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Chris Pratt laughs at critics panning his new show as ratings soar


While top critics have panned Chris Pratt’s new action series "The Terminal List" as “an alpha male cry for help,” the Amazon Prime Video show has been a smash hit among audiences.

The show, which stars Pratt as a Navy SEAL and premiered on July 1, came in second place on the list of America's most-streamed shows after the series' first full week on Amazon Prime. (Netflix’s "Stranger Things" took the top spot.) "The Terminal List’s" official Instagram account revealed last month that it was the top TV series on Prime Video over Fourth of July weekend.

While the show has been a hit with fans, garnering a 94% audience score on Rotten Tomatoes, critics have shown a near-universal disdain for the military thriller. Daniel Fienberg of "The Hollywood Reporter" called the show “the entertainment equivalent of a charred hockey puck, with the same limited range of flavor and aesthetics.”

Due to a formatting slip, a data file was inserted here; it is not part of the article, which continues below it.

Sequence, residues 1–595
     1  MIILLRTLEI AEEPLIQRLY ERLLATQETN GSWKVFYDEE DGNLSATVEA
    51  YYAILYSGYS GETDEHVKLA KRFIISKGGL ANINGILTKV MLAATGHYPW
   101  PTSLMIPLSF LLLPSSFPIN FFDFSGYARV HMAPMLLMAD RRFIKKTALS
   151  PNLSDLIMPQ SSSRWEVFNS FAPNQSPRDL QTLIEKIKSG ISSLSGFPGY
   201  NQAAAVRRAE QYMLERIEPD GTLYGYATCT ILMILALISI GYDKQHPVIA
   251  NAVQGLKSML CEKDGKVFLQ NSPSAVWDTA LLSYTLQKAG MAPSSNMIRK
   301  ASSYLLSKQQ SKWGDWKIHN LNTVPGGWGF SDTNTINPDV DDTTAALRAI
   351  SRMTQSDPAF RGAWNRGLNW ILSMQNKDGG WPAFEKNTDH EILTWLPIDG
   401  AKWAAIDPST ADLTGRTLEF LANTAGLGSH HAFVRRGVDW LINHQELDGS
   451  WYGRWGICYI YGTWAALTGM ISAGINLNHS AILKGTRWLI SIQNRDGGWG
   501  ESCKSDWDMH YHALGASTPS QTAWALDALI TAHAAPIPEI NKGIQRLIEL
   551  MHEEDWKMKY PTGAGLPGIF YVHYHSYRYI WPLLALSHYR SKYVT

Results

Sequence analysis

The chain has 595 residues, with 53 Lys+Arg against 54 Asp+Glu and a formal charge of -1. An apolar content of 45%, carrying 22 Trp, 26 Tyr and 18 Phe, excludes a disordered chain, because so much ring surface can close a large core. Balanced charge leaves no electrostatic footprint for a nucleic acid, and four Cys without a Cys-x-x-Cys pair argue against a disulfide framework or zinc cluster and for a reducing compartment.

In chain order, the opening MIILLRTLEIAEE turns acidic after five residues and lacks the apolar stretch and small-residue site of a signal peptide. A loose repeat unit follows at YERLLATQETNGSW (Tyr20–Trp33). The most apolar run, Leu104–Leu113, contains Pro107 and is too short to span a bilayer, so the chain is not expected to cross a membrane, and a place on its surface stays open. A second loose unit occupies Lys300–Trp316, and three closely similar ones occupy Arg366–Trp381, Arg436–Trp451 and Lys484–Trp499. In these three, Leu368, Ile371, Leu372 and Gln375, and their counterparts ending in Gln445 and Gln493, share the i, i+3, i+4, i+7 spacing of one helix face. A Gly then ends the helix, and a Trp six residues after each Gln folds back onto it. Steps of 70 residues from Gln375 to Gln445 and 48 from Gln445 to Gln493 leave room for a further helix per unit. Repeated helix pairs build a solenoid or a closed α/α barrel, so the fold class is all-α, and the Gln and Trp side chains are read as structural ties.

Pratt, 43, has taken the criticism in stride, posting to his Instagram story a report that noted "The Terminal List" “defies woke critics' scathing reviews.” Pratt also shared a picture of Dr. Evil from the "Austin Powers" movie franchise, saying, "One point six BILLLLLLLLLION minutes." The number is in reference the amount of time people had viewed his show on Amazon, according to Nielsen reports.

"The Terminal List" is based on a "New York Times" best-selling novel by former Navy SEAL Jack Carr. It follows Navy SEAL Commander James Reece (Pratt), who seeks vengeance as he investigates the “mysterious forces behind the murder of his entire platoon.”

Carr spoke about critics’ reaction to the series on "Tucker Carlson Tonight" in early July, saying, “It seems to have triggered quite a few of these critics.”

"We didn’t make it for the critics. We made it for those in the arena. We made it for the soldier, sailor, airman and Marine that went downrange to Iraq and Afghanistan,” Carr told Carlson.

Carr, who is also one of the executive producers of the series, said that a critic asked him what to even call a show like "The Terminal List." Carr’s response? “You call that the No. 1 series on Prime Video.”

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